It is known that the roll that fractured was ordered along with several other, identical rolls by the mill at the same time. These rolls were first balanced by the manufacturer at 1080 rpm. Upon receipt by the mill, the rolls were rebalanced at 840 rpm. Recall that once placed in operation with a felt speed of 3100 ft/min (946 m/min) the roll would be turning at 743 rpm.

In addition to balancing, another critical parameter would be the natural frequency of the roll. A theory concerning the fracture of the roll was that the roll was in operation with sufficient imbalance and operating at sufficient proximity to a natural frequency of the roll that there developed an amplitude of vibration and a corresponding cyclical bending stress that resulted in the fatigue fracture observed. It would be imperative to avoid operating the roll at speeds at or near its natural frequency [4]. In an effort to explore this “natural frequency” theory, an unused roll from the same purchase order was subjected to a “ring test”. A ring test is conducted by striking an object and measuring the frequency at which the object tends to vibrate. This test of the unused roll showed a first natural frequency at 640 rpm and a second natural frequency at 1160 rpm.

An additional test was conducted on the unused roll whereby the roll was operated at various speeds and the vibrations accelerations and amplitudes were measured. The vibration peaked at a first critical speed of 650 rpm, dropped rapidly to a minimum at the balance speed of 840 rpm, and then rose rapidly as the speed approached the second critical at 1160 rpm.

Based on the results of these tests alone, it was determined that excessive vibration amplitude at an operating speed of 743 rpm would not have been expected and that operation at this speed would not have been a factor in the fracture of the roll. Further, once the roll was in place and the machine operating at 3100 ft/min (946 m/min), the vibration of the machine was monitored. The operation of the machine would have tripped at a vibration level well below that which would have been expected in self destruction of the roll. Further still, a roll in a paper machine that is out of balance and rotating near critical will announce its unbalance and corresponding vibrating condition by sensory perception on the part of the machine operators. The known machine operating history as derived from monitoring both by instrumentation and by the sensory perception of the operators in place at the machine did not support a theory that the roll destructed due to imbalance or operation at critical speed.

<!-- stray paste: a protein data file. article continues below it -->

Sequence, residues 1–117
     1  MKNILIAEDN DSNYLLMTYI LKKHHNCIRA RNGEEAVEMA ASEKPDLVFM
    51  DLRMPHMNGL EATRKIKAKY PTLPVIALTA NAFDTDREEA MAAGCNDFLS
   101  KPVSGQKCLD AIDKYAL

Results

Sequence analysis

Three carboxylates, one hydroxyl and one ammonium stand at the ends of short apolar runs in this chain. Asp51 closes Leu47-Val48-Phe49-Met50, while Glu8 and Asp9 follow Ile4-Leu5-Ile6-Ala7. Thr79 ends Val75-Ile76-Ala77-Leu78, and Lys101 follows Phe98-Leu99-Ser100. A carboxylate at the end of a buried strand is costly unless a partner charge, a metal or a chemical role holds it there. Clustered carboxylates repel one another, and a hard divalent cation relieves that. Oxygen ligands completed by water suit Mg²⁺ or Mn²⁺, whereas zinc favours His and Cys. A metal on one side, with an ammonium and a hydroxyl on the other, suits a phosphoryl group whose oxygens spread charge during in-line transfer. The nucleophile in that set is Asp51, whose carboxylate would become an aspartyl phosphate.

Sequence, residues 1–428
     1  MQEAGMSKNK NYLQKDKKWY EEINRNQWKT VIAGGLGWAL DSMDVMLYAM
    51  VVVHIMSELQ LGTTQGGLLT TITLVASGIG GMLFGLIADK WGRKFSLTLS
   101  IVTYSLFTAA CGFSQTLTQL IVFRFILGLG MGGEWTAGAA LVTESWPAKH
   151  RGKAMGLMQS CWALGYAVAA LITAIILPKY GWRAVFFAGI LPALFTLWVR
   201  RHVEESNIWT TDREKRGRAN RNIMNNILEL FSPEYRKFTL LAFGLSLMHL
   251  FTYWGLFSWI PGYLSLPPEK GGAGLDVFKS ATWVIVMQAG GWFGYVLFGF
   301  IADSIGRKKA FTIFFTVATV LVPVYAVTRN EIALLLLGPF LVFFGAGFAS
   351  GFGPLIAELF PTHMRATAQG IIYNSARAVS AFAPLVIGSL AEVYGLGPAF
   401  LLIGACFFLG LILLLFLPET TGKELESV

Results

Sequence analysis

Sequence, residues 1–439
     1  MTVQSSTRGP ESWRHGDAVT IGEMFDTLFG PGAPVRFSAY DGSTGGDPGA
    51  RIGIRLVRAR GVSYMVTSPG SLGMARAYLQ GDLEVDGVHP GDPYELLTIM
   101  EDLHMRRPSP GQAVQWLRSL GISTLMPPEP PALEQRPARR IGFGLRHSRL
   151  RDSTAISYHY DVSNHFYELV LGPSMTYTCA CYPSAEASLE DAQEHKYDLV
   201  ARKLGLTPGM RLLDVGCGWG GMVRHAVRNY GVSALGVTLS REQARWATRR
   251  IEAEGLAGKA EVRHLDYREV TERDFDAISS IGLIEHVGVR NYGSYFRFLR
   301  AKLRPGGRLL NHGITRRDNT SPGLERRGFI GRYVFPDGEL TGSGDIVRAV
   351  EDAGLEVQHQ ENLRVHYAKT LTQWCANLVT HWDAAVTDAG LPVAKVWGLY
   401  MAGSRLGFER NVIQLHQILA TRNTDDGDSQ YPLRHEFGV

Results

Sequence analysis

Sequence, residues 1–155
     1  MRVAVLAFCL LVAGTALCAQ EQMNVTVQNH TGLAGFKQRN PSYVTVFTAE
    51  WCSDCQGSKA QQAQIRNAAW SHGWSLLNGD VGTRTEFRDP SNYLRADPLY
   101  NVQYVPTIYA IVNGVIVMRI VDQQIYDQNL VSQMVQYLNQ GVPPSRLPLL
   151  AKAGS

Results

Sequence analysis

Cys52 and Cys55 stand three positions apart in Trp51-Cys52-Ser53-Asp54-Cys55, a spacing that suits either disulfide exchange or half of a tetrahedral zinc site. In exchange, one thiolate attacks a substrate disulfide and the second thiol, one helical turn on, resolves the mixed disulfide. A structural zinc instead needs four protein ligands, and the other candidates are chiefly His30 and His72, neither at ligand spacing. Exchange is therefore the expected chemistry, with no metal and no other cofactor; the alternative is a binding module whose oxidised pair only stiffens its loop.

Analysis of the As-Manufactured Condition

As a parallel effort in the analysis of the fracture of the roll, consideration was also given to its manufactured condition. In this regard, it was determined that the variation in the wall thickness of the pipe product used to make the roll was greater than what would have been an acceptable variation. Likewise, the compensating balance weight blocks installed were outside the normal maximum accepted weight. The integrity of the manufactured condition of the roll was therefore brought into question.

Figure 12 shows a basic model of the roll represented as a simply supported beam. The loads on the span of the beam that would subject the roll to cyclic bending stress as it rotated in place are:
Fig. 12

Roll load diagram and corresponding moment diagram

(a) The weight of the roll, determined to be 10.5 lb/in (1838 N/m).

(b) The belt tension, known to be 28 lb/in (4906 N/m).